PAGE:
Rosa has cerebral palsy, which makes it difficult to understand her, but after passing notes back and forth with her, Jessica soon discovers how witty, smart and caring Rosa is. The two become fast friends and are soon spending lunches together and working on math homework after school. It is through her friendship with Rosa that Jessica starts to think about someone other than herself. She realizes that she may be stuck in a wheelchair right now, but Rosa is stuck in one for life.

Quicker than expected, Jessica begins to learn to walk with a prosthetic leg, and her teammates and coach petition her to consider running again. While at first it seems like a pipe dream, the idea becomes real once the fundraising for a special running prosthetic for her starts. Twenty thousand dollars is a lot of money for a leg, but Jessica is determined to make her teammates proud, while at the same time giving Rosa a shot at standing out from the crowd, if she gets the chance to run.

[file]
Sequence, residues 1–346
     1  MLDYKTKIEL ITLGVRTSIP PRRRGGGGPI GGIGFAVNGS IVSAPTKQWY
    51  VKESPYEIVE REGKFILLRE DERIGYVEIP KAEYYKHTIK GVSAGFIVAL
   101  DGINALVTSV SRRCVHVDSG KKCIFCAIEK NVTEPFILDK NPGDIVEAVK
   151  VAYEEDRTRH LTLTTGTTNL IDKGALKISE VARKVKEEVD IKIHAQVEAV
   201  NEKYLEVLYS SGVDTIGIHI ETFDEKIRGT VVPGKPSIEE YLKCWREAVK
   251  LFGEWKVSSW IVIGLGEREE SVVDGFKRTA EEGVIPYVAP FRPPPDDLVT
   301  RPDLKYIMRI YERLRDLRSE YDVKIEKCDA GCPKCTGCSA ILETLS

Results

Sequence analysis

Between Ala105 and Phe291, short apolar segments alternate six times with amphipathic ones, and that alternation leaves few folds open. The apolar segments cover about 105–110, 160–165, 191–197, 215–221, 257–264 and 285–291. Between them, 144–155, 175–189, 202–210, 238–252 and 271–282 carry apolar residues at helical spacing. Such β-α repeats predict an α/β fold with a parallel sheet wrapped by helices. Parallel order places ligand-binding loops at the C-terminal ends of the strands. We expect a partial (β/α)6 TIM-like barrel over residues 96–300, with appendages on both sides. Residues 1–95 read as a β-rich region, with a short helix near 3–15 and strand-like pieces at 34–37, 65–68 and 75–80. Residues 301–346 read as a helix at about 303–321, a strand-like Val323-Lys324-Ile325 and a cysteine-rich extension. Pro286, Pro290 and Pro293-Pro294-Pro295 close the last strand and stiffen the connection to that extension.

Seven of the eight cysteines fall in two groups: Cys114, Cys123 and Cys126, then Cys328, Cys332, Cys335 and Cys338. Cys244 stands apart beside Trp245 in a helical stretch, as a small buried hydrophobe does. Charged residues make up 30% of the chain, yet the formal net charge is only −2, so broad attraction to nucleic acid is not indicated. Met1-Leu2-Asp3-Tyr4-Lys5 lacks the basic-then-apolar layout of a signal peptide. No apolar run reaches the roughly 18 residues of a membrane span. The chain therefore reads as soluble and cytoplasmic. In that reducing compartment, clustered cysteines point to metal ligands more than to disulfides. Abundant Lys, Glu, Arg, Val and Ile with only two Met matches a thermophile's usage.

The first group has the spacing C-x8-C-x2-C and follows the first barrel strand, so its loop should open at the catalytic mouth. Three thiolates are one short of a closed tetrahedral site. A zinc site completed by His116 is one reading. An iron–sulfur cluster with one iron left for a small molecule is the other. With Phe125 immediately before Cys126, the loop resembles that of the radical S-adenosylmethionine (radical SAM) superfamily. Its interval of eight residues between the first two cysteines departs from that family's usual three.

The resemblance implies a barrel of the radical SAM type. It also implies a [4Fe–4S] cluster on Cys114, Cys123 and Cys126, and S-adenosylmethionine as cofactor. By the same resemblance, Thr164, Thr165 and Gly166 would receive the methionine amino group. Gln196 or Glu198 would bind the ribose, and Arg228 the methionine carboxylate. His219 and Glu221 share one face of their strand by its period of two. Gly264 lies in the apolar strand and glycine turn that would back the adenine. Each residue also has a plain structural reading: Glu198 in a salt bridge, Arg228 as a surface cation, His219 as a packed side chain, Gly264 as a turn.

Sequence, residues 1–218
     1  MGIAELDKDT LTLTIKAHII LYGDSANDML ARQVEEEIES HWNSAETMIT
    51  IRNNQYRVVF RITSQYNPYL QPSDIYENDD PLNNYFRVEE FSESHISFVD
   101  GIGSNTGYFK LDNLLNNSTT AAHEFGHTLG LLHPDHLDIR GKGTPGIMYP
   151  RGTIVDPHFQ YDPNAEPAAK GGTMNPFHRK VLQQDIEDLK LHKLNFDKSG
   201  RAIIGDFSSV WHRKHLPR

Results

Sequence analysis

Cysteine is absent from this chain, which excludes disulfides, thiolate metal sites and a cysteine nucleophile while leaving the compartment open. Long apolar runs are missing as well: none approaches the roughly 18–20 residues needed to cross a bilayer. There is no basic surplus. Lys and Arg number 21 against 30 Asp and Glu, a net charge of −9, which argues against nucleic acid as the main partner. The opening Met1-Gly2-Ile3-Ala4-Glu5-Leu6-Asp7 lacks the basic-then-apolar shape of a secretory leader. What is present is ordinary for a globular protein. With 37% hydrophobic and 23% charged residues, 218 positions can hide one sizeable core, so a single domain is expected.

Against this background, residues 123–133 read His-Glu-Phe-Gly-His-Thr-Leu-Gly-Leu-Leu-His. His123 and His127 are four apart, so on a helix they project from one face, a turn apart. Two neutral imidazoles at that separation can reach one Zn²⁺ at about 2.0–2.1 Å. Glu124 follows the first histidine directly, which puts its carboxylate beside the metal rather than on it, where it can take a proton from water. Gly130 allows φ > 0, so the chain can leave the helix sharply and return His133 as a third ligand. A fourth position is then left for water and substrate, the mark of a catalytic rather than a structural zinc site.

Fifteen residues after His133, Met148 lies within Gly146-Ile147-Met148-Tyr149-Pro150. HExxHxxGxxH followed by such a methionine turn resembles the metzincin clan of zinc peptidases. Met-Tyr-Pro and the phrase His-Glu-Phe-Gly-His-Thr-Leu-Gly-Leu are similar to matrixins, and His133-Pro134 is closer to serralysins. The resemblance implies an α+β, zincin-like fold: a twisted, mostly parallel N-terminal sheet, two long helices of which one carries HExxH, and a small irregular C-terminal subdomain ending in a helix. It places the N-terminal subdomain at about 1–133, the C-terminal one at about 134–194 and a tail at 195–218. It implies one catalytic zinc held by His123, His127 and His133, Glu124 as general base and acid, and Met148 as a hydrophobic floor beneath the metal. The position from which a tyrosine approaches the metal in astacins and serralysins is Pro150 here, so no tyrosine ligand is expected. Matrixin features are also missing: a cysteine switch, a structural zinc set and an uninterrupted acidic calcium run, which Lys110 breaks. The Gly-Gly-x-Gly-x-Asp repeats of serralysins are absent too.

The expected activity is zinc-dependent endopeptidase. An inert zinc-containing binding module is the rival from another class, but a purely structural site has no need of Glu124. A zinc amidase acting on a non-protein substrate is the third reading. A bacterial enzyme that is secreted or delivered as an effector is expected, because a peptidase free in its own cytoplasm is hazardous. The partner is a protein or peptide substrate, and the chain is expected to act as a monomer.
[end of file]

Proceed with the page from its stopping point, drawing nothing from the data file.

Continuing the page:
Readers will be hooked from the beginning thanks to the pacing and believable, well-built characters. Not only will readers feel Jessica's pain and eventual growth, but they will identify with her parents, her friends and even her coach.  The thoroughness of Van Draanen's research on amputees, prosthetic limbs and track athletes is showcased in this exceptional book about someone who loses a large piece of her identity, but gains so much more.  Jessica is an inspiration to everyone, runners and non-runners alike.